After spending a few extra days in Padstow after the May Day celebrations, I took the train to London (playing banjo and trading songs with a fellow on the train), where I stayed in a rather unfortunate hostel. Luckily, I was only there for about 6 hours, as I got up ridiculously early to take two trains and two buses up to Newcastle, where I stayed over with one of the Kingsmen, unwound, and got to talk about my trip so far. As I mentioned in the last post, I am starting to feel like I can put bits and pieces of this experience together in more interesting ways, and so it was nice to have a moment to just relax and think about it. The moment didn’t last particularly long as the next day I met up with some dancers from Snark Rapper and drove down to Goathland for the first gathering of every traditional hilt-and-point sword dance team left in the UK.
To clarify, these are not reconstructed teams, but groups that have been dancing their village dance, so to speak, and are continuing to do so. In the UK there are only six left: Handsworth Longsword, Flamborough Longsword, Goathland Plough Stots, Grenoside Longsword, High Spen Blue Diamonds Rapper, and The Papa Stor Sword Dancers. This last team I was particularly interested to visit, as they are from the Shetland Islands, and this was one of the first times they have ever performed on the mainland.
We arrived and set up our tents on the cricket pitch before the first dances. I had visited the village of Goathland (famous for its steam railway featured in the Harry Potter movies, its spray painted sheep sheep which have a right to free grazing all around town, and for being in some UK TV show called Heartbeat) when I was dancing with my rapper team Beside the Point at the Sword Spectacular in 2004.
It is a rather small village and the two performance venues were outside the small row of shops and in the parking lot of the garage, which had taken the name of the garage in the TV show Heartbeat. I wanted to mostly follow Papa Stor and so went to the Garage for the first stand of the day, where they were dancing with Grenoside.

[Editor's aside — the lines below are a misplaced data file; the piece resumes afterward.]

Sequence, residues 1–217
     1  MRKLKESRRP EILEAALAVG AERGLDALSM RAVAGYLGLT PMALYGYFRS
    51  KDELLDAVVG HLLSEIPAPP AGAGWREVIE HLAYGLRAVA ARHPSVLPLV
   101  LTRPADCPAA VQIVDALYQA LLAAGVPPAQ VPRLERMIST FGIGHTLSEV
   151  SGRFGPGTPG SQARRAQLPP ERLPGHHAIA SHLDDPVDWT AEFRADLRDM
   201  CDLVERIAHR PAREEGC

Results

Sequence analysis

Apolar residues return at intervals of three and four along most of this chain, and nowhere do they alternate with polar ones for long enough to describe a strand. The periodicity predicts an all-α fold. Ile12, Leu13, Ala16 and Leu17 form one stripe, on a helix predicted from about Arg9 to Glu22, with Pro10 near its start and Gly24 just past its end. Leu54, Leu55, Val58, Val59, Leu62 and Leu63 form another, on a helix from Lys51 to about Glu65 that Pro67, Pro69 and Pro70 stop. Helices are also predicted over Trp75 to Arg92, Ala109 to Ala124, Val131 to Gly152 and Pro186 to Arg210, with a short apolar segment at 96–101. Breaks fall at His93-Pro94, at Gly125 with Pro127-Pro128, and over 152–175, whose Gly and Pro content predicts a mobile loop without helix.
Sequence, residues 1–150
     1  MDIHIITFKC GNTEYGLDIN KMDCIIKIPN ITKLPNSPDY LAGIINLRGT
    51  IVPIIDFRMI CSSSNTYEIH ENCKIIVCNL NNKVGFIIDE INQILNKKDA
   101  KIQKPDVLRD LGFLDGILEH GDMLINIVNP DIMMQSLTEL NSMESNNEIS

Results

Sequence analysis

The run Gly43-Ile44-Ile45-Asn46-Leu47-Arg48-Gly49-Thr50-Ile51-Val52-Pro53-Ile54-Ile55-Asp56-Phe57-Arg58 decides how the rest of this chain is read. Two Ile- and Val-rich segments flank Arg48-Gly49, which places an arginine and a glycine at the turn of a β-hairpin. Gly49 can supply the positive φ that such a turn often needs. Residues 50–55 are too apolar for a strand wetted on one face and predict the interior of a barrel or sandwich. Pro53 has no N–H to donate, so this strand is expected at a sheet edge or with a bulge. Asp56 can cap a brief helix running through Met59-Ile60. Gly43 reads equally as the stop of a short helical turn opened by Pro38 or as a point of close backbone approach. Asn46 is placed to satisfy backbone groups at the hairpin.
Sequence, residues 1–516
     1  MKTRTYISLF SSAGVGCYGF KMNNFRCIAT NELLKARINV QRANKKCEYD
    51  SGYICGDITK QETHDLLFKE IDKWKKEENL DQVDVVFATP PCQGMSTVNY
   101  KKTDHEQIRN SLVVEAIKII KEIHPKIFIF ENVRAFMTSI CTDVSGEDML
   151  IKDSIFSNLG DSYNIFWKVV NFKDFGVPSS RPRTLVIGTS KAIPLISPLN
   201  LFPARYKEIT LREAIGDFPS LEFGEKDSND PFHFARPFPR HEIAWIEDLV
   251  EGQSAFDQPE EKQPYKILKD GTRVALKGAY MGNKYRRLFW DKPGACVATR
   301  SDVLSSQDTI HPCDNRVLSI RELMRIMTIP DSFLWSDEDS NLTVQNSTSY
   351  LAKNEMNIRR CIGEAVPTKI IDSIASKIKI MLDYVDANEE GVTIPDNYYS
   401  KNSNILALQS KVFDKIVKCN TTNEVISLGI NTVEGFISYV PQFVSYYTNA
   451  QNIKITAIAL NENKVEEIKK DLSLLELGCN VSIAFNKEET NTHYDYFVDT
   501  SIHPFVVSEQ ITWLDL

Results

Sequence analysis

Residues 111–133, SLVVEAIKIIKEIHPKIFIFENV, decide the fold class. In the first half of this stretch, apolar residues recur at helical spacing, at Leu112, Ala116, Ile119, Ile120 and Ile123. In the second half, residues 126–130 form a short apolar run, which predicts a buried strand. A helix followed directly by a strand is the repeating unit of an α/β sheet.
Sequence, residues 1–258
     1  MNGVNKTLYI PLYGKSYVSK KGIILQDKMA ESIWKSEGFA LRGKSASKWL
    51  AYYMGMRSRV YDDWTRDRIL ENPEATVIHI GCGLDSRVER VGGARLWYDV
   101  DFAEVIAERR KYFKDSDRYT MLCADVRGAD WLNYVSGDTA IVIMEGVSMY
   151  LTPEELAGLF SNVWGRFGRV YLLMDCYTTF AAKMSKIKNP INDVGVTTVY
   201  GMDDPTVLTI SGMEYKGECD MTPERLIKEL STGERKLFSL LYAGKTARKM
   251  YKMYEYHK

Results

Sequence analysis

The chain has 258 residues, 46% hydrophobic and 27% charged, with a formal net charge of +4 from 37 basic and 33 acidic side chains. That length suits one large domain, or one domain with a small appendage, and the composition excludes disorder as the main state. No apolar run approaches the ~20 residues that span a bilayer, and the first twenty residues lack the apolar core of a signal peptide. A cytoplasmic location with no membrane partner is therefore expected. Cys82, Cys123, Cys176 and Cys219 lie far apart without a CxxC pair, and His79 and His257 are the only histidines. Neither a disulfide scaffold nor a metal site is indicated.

I was astonished by just how different it was to every other rendition of the dance I had seen when performed by other groups. The performance started with a series of speeches to introduce the seven dancers, who represent the Seven Champions of Christendom, the patron saints of England, Scotland, Ireland, France, Spain, Portugal, and Wales. Interestingly for a dance originating in Shetland, the captain of the dance is St. George, not St. Andrew. All the dancers are introduced and then each is called forward to dance, with sword arched over his head.
I say arched as the swords are made from flexible steel that’s slightly less flexible than typical rapper swords. They also have colored hilts that correspond with the colors of each dancer’s baldric, a new idea which was introduced by the current leader, George Peterson. George, who is now nearly 80, plays fiddle for the group along with a younger woman.The dance itself is performed slowly and solemnly, and everyone involved in it emphasized that it is supposed to be a dignified and solemn dance, and dancers shouldn’t be smiling during the performance. I have usually seen the dance done running or jogging, while they did it walking. The flexible swords allow the dancers to move closer together at times, and during over-the-sword figures, the swords are arched down to the ground.